Young Republicans Breaking from Party on Climate

September 29, 2019

We’re energy optimists and climate realists.

Members of republicEn are conservatives, libertarians, and pragmatists of diverse political opinion. We stand together because climate change is real, and we believe it’s our duty and opportunity to reduce the risks. We believe in the power of American free enterprise to deliver the innovation to solve climate change.

republicEn is founded on four major pillars:

  • Limited government
  • Accountability
  • Free enterprise
  • Environmental stewardship

Conservatives need to stop disputing obvious climate change and enter the competition of ideas about solutions. Climate change is a serious threat, and it requires action.

The Hill:

Prominent GOP pollster Frank Luntz is warning Republican lawmakers that the public’s views on climate change are shifting and that ignoring the issue could cost them important votes at the ballot box.

In a memo circulated to Republican congressional offices on Wednesday, Luntz Global Partners warned that 58 percent of Americans, as well as 58 percent of GOP voters under the age of 40, are more concerned about climate change than they were just one year ago.

The polling group also noted that 69 percent of GOP voters are concerned that the party’s stance on climate change is “hurting itself with younger votes.”

Of the GOP voters under the age of 40, more than half, or 55 percent, said they are “very or extremely” concerned about their party’s position on climate change.

“Climate Change is a GOP VULNERABILITY and a GOP OPPORTUNITY,” read a copy of the memo obtained by The Hill. “Yes, Republican voters want a solution. It is on measures of salience to vote that we have detected the greatest change.”

“The appetite for seeing real action is palpable to voters of both sides,” the memo states.

Referring to a listening session with likely voters, the memo said many are angered that GOP leadership “ceded the issue to the Dems.”

“Typically, the most effective campaign approach is to build-out from the base. … Not here; there’s simply too much recognition that the politicking has blocked Progress,” the group said in the memo.


19 Responses to “Young Republicans Breaking from Party on Climate”

  1. Reblogged this on The Most Revolutionary Act and commented:
    Of the GOP voters under the age of 40, more than half, or 55 percent, said they are “very or extremely” concerned about their party’s position on climate change.

  2. jimbills Says:

    Maybe this is viewed as a positive (at least they’re not deniers!), but I see it as just another Republican firewall at preventing us from doing what needs to be done (and therefore another form of denial).

    ‘Limited government’ means ‘acknowledge the issue so we don’t lose votes, enact a couple of weak sauce measures to make it look like we care about it, keep things essentially the same’.

    That won’t be enough, and it’ll just keep us from doing what we need to do in time.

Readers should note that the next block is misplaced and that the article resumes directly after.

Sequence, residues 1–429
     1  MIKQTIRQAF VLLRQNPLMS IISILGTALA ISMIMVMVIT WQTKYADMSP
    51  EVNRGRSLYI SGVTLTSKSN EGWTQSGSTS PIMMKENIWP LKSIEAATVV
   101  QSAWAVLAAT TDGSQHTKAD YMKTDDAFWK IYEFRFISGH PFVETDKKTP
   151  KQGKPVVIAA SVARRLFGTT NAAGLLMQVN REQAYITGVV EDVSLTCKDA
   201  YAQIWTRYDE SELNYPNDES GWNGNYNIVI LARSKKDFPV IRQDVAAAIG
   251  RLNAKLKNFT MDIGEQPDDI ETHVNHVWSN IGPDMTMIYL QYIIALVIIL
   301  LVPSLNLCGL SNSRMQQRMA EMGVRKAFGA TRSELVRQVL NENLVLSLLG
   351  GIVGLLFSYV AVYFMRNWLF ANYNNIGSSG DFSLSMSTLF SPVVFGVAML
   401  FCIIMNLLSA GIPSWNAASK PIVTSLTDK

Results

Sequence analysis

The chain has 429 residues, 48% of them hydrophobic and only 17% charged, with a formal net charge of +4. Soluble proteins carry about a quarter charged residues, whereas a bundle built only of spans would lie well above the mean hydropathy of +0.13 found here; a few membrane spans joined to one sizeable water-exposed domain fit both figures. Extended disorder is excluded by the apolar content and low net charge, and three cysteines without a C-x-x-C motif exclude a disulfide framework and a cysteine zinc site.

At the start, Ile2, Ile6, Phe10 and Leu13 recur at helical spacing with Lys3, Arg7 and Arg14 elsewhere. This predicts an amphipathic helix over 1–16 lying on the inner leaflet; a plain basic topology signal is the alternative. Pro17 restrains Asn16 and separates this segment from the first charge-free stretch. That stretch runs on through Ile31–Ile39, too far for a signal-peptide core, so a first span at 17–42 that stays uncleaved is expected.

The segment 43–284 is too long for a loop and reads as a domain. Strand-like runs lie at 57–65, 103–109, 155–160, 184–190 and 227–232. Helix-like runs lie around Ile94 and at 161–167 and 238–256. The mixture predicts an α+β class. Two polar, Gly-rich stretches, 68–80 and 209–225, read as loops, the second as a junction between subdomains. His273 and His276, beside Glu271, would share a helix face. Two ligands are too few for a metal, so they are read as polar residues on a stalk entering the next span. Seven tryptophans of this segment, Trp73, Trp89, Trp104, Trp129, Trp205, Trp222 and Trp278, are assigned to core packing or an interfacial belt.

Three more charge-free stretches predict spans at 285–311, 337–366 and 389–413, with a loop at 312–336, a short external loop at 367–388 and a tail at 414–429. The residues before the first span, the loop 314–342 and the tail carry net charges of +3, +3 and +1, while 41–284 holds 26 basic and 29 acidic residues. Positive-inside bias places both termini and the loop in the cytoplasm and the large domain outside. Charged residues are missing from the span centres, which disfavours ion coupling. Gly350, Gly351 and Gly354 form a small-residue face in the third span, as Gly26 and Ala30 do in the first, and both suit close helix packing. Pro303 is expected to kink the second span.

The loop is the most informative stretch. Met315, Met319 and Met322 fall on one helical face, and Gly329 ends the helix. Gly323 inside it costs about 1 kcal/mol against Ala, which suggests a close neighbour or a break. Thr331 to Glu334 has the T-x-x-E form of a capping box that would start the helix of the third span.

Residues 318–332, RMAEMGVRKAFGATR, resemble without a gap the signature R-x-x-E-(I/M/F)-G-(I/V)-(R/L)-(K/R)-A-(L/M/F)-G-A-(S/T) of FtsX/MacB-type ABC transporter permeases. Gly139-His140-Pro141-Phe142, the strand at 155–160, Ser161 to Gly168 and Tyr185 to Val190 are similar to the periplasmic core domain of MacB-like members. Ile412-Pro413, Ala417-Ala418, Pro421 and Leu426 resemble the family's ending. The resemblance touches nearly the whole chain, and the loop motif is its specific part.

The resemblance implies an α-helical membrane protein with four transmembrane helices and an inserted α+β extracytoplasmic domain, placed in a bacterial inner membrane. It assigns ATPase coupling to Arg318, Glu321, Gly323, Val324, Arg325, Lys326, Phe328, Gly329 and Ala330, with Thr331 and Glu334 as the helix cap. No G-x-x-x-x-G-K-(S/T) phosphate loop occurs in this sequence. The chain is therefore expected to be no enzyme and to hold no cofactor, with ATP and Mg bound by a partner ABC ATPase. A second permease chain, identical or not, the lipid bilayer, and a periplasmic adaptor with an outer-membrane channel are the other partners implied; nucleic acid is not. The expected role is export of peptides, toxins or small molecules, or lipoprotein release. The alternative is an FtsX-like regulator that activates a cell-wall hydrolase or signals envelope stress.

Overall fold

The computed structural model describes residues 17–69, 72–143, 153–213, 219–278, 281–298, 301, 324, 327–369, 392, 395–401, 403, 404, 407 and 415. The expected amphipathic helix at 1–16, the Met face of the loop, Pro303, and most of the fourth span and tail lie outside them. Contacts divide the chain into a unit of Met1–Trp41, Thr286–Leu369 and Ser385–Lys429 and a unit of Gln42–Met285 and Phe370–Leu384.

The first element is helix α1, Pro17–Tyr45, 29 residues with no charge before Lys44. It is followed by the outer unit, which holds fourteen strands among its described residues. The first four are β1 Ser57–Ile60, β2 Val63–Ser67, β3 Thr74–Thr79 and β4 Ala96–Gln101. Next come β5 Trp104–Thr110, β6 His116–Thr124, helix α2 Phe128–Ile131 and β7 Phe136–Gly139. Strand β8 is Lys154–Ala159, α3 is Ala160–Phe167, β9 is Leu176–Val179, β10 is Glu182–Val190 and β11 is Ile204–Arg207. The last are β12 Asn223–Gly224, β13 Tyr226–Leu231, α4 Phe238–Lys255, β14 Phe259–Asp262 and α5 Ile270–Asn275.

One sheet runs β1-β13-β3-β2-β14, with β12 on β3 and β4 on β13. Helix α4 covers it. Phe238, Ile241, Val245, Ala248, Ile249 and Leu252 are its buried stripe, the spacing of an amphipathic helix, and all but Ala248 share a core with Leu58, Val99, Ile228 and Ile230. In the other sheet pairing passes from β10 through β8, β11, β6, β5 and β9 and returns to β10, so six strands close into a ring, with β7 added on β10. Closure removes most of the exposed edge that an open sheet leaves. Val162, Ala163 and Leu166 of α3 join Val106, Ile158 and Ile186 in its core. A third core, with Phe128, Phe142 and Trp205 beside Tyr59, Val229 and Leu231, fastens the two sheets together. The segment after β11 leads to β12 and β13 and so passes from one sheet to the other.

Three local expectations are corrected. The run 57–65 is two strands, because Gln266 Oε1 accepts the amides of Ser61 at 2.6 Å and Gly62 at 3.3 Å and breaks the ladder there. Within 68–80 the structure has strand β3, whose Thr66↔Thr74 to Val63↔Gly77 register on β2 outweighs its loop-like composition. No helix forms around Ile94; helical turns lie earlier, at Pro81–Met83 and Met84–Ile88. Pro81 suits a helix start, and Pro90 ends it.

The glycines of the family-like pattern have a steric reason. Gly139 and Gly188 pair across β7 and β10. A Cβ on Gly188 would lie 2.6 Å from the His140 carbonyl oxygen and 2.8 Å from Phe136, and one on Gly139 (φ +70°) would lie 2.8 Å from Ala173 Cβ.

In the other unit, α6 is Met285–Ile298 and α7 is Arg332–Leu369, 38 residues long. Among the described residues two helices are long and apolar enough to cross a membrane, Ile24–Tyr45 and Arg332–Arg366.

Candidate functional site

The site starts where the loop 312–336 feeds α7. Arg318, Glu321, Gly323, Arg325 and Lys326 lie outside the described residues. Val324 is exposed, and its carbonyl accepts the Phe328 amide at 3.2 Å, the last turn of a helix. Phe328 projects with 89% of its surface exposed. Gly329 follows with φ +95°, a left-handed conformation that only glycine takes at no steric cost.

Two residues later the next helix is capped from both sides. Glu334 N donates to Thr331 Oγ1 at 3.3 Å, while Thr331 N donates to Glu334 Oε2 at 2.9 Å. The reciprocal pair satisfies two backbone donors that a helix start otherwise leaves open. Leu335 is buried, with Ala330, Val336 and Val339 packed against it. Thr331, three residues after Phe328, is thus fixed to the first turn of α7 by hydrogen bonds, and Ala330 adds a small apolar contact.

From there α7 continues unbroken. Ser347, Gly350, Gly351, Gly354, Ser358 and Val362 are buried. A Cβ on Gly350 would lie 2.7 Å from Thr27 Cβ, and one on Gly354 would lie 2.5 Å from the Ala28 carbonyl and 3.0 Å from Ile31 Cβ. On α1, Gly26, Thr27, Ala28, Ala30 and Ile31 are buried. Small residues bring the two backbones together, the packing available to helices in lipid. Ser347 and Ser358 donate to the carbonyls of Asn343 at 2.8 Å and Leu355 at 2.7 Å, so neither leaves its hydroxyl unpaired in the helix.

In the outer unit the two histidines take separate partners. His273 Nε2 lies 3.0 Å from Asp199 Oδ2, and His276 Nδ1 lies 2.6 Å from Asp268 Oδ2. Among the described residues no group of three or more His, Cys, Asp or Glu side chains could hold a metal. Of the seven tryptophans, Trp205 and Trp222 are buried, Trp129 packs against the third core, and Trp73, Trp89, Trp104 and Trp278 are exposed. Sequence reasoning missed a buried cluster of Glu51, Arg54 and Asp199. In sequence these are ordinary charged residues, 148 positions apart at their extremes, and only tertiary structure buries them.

Here’s an example of our caring, corporate culture (just saw this on a football game today):

    • rhymeswithgoalie Says:

      Carbon capture technology is much much more expensive than never releasing it in the first place.

      • jimbills Says:

        If wind and solar are equal (or close or less) in price to coal and gas right now, why would adding CCS to coal and gas magically make that better for them? What are they thinking (except, finding a way to keep producing FF)?

        Plus, this is the thing that kind of drives me nuts about ‘free enterprise’ people. They think corporations, if they’re just allowed to do their thing, act in a socially responsible manner, when they almost never do. There is such a thing as public pressure limiting the most egregious violations, but they will do whatever they can get away with if it boosts the bottom line. Profits always take the driver’s seat.

        Speaking of autos, the car industry fought adding seat belts to cars for years. Seat belts added a tiny fraction to the cost of the car, but that was too much for most manufacturers to do it on their own. It took regulations to force them. The same happened with air bags:

        Exxon Mobil has had DECADES to work on CCS. It was in their long term interest to work on it. But short term, business as usual was more profitable. And now, they advertise it to make it look like they care about the environment. It’s completely outrageous, but the ‘climate friendly’ Republicans would point to it as an example of free enterprise ‘solving’ climate change. You know, just let businesses ‘do their thing’.

        • jfon Says:

          ‘Speaking of autos, the car industry fought adding seat belts to cars for years.’
          I read recently that in fact, the industry introduced belts long before they became mandatory, because people wanted them. On the other hand, so many Americans don’t bother wearing them that airbags there have to have much stronger inflation charges in them, than they would if they were just a backup to a belt. This makes them more dangerous when they go off by accident, especially to children.